Our planet has a plastic problem, and we can use innovations that use more environmentally friendly materials to replace plastic products. Researchers have now developed a prototype of a soluble, biodegradable velcro. The design relies on the tiny little hooks on a plant called the catchweed (Galium aparine), and it could be applied to monitoring devices that are used in precision farming, or as environmental sensors. The micro hooks can bind to plant leaves temporarily to release helpful substances like nutrients, pesticides, or pharmaceuticals, for example, or they could sense and communicate the health of plants. The work has been reported in Communications Materials.
Catchweed is a climbing plant, and as it grows, it climbs over other plants with its micro hooks, using other organisms for structural support. The researchers were inspired by this natural design, and engineered a synthetic version. Using a 3D printer and a variety of materials, they experimented with different characteristics, including photosensitivity and solubility. An isomalt sugar can be used to print the hooks, which will then easily dissolve harmlessly.
The research team tested the micro hooks for durability and its ability to anchor to other things, and found that the hooks easily attach to different types of plants.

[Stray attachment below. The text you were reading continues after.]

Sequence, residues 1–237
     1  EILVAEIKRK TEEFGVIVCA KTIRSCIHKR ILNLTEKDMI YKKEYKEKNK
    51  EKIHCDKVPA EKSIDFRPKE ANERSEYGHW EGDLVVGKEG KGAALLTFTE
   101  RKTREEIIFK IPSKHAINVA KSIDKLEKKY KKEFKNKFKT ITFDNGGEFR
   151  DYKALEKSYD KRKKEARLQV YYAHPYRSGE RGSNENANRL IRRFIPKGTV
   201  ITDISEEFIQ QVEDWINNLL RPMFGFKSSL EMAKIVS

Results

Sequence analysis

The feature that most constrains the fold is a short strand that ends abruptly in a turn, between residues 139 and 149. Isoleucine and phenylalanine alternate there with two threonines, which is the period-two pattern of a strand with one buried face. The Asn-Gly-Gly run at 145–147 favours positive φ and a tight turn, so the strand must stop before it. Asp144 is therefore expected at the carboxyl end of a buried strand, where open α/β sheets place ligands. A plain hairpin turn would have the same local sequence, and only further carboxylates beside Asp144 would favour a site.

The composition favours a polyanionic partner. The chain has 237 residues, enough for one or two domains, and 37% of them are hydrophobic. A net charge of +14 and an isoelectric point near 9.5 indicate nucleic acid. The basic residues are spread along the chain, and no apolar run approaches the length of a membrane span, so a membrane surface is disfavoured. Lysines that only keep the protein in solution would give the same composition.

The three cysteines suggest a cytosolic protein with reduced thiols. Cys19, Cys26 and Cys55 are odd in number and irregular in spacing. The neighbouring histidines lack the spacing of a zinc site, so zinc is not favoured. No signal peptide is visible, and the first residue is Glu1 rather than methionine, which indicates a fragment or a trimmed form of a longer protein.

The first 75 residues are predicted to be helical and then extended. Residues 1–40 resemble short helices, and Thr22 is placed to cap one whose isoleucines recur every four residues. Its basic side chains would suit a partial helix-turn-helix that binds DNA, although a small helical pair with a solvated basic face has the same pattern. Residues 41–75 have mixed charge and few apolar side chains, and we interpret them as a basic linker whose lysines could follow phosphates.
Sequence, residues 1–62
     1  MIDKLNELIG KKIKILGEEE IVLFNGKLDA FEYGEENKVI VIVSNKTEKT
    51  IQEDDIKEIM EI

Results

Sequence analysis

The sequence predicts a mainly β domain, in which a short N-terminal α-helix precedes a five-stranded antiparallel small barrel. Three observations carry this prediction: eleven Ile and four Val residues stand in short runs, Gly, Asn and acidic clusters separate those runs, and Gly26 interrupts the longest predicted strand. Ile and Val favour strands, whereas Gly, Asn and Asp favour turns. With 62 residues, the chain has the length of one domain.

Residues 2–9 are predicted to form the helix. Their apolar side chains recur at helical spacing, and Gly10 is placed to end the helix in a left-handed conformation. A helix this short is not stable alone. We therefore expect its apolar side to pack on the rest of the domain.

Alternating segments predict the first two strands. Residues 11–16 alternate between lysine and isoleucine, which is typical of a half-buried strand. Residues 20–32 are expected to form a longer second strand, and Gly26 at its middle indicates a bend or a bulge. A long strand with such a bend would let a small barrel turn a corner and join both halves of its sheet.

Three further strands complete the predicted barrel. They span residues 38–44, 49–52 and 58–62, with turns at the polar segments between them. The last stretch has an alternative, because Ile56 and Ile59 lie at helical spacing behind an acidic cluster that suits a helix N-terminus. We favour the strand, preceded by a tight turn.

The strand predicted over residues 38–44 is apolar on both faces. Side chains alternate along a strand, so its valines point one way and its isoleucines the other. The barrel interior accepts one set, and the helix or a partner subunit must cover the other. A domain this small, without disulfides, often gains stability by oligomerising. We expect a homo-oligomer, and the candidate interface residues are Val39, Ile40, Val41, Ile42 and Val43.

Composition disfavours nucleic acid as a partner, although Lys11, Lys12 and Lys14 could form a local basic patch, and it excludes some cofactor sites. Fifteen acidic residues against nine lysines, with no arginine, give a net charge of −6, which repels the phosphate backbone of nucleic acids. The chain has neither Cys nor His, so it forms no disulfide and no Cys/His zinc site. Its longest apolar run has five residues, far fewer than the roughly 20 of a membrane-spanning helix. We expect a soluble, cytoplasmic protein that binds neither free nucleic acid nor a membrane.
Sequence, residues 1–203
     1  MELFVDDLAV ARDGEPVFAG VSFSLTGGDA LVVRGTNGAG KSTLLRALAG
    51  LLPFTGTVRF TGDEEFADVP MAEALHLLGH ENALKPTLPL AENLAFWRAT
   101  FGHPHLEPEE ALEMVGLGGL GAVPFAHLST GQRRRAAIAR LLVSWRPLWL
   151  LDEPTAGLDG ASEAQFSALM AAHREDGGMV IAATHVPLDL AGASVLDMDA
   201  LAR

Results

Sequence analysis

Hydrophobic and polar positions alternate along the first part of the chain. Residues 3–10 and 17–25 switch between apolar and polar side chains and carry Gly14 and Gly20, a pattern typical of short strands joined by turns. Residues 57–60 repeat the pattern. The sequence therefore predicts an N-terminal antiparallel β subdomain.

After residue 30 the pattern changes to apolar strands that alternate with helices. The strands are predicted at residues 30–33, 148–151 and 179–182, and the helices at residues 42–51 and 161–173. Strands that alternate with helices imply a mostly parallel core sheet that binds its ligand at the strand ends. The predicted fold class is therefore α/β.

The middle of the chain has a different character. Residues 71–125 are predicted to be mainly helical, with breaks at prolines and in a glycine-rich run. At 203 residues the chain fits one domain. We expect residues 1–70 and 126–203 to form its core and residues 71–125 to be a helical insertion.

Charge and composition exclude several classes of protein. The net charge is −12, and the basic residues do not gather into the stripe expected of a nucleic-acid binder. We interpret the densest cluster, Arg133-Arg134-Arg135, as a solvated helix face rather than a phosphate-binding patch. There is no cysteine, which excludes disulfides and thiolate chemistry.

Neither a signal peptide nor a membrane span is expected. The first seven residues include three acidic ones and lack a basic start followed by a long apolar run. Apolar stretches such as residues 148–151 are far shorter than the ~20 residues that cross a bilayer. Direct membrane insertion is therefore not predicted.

“These micro-hooks are versatile and have allowed us to create a range of applications, as well as filing a patent," said first study author Isabella Fiorello, who works in the lab of research leader Barbara Mazzolai at the IIT (Istituto Italiano di Tecnologia or Italian Institute of Technology). “This form of anchoring can be exploited for in situ monitoring of the plant’s microclimate, such as temperature, humidity and light, or for the controlled release of molecules into the plant’s vascular system.”
Hooks have already been 3D printed with a photosensitive resin, and assembled along with electronics to work as sensors that detect light, humidity, or temperature. This system can be used to wirelessly monitor the health of a plant.
The researchers also used this design to engineer a microrobotic system that can take microsteps and move over the surface of leaves.
Sources: ITT, Communications Materials